A newborn comes into this world all puffy and bluish, seemingly as though they’ve fought the fight of their life. Your child’s physical features might surprise you, not exactly the picture-perfect cherub you’d hoped for. But given that this first look is temporary; should I be worried, my baby will have a big nose?
When in your uterus, and during delivery, your baby’s nose, made mostly of cartilage, gets squished up. In the womb, your unborn child’s face is probably pushing against the walls and amniotic fluid, appearing huge and distorted in ultrasound scans. But that’s not the final product, even if it’s still looking large at birth. All that should get back to normal within a week or two.
The nose is one of the facial features that your baby gets from either your or your husband’s side of the family. It’ll have been passed down for generations, so you don’t have to look too far for possible similarities. Quell your worry about your baby’s seemingly large breathing apparatus. Keep reading for tips on distinguishing how it’ll finally end up looking like.
Why Does My Baby’s Ultrasound Image Show Such a Big Nose?
You typically started asking yourself questions about your baby’s appearance the first time you saw the 3D ultrasound pictures. Your unborn tot’s nose looks big, but the truth is it’s distorted by the sound waves used for this innovative technology to work.
Here’s a bit of background information to help you understand 3D ultrasound scans distorting your baby’s nose image. The technology works around emitting sound waves. These bounce off solid objects the same way bats or dolphins use eco location. When received back, images are created out of wave contours, and your baby’s form is displayed.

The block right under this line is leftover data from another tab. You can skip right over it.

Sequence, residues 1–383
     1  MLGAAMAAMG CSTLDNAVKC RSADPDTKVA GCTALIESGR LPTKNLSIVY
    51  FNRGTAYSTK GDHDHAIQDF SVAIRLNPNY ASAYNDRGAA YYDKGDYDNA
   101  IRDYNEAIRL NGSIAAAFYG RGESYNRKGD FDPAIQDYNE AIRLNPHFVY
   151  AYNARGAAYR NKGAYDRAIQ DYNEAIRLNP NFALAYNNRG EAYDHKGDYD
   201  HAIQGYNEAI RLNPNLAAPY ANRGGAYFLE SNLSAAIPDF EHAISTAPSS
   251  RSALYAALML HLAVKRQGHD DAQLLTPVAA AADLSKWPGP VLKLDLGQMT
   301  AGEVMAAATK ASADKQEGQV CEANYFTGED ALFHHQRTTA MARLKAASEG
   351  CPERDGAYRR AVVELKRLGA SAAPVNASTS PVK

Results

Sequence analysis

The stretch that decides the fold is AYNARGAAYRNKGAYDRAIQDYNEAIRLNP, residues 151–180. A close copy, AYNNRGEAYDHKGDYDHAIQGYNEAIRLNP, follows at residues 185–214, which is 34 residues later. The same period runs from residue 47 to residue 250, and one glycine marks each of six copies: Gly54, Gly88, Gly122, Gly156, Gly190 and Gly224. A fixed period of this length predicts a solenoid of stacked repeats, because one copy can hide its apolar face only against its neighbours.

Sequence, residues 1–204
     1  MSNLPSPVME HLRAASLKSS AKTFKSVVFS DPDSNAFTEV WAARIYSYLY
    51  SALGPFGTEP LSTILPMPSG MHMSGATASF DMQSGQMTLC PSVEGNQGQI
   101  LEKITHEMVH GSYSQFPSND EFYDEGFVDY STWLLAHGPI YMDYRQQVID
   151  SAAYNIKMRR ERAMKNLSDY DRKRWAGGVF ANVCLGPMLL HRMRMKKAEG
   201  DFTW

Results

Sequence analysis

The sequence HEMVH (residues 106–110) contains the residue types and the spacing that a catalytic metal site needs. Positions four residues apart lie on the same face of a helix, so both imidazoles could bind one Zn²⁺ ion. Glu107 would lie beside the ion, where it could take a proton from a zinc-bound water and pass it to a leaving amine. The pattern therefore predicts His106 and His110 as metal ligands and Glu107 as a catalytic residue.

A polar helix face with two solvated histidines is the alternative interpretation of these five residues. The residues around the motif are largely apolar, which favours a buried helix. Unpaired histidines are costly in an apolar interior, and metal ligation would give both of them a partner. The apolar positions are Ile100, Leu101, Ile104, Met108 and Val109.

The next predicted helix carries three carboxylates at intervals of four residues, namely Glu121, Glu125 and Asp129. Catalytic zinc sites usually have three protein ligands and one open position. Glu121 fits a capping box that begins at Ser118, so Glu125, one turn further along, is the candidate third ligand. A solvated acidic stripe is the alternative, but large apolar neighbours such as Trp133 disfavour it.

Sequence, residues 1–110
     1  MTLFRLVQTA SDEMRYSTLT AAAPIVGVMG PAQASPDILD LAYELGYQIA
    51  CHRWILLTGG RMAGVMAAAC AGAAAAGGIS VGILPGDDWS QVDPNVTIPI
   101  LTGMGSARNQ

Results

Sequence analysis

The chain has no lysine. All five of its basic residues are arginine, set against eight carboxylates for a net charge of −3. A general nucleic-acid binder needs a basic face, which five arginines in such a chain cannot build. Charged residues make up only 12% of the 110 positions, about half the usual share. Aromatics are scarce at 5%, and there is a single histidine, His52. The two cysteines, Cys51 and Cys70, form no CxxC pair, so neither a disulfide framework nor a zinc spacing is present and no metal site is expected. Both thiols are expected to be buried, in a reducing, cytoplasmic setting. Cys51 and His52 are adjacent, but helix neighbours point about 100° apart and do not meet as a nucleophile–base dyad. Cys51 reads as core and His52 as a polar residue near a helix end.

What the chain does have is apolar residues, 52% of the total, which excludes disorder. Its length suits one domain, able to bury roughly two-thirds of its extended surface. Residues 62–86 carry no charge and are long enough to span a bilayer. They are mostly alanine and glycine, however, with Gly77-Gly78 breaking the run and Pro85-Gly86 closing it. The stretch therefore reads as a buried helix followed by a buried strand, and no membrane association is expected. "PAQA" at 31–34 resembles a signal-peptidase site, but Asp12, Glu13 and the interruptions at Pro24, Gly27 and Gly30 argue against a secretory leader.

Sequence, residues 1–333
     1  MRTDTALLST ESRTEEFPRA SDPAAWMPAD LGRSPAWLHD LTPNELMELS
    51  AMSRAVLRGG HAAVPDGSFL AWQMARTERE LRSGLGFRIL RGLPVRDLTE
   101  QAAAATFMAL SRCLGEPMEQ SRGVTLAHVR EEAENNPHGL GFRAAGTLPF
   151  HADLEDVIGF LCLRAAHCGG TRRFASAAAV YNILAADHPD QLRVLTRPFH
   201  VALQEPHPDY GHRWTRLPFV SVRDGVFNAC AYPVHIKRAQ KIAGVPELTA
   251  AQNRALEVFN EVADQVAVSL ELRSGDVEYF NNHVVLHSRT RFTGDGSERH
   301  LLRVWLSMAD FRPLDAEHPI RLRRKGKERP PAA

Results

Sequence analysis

The difference between 2D and 3D is how the surface is captured. Earlier ultrasound scan technology needed the technician to chase the fetus around for a clearer picture. Today’s scans produce a full-bodied image as your baby’s features, seen at three 90° planes.
Some of your unborn baby’s features, however, are smooth and small. These don’t give sound waves a lot to bounce off of. To compensate for this lack of viable surfaces, some image sections will broaden. Such technical globs would make you wonder if your baby will have a big nose. The technology is getting better, but that serves as a reminder that a scan’s main aim is to detect fetal abnormalities.
Is My Baby’s Nose Shape Due to Inherited Genes?
Your baby’s nose has a shape like yours or your partner, or maybe a combination of both. Scientists concluded that your child’s facial features are 66% passed down through genetic chromosomes for generations. If a broad nasal appendage is a dominant trait in either you or hubby, that’s the shape that’s going to be plastered on your tot’s face.
Genetics is a mind-boggling subject, one that’s even genetic researchers have yet to fully understand. It’s not known what genes play a role in your baby’s nose shape or size. That’s because of gene carriers, parents who may exhibit a broad-nosed trait but will pass on a narrow one to their siblings.
Each parent has two copies of a gene that determines how the baby’s nose will look like. Variables start to appear due to the randomness with which one copy of these genes will get passed. For simplicity’s sake, think of just two traits, broad and narrow as expected nasal shape.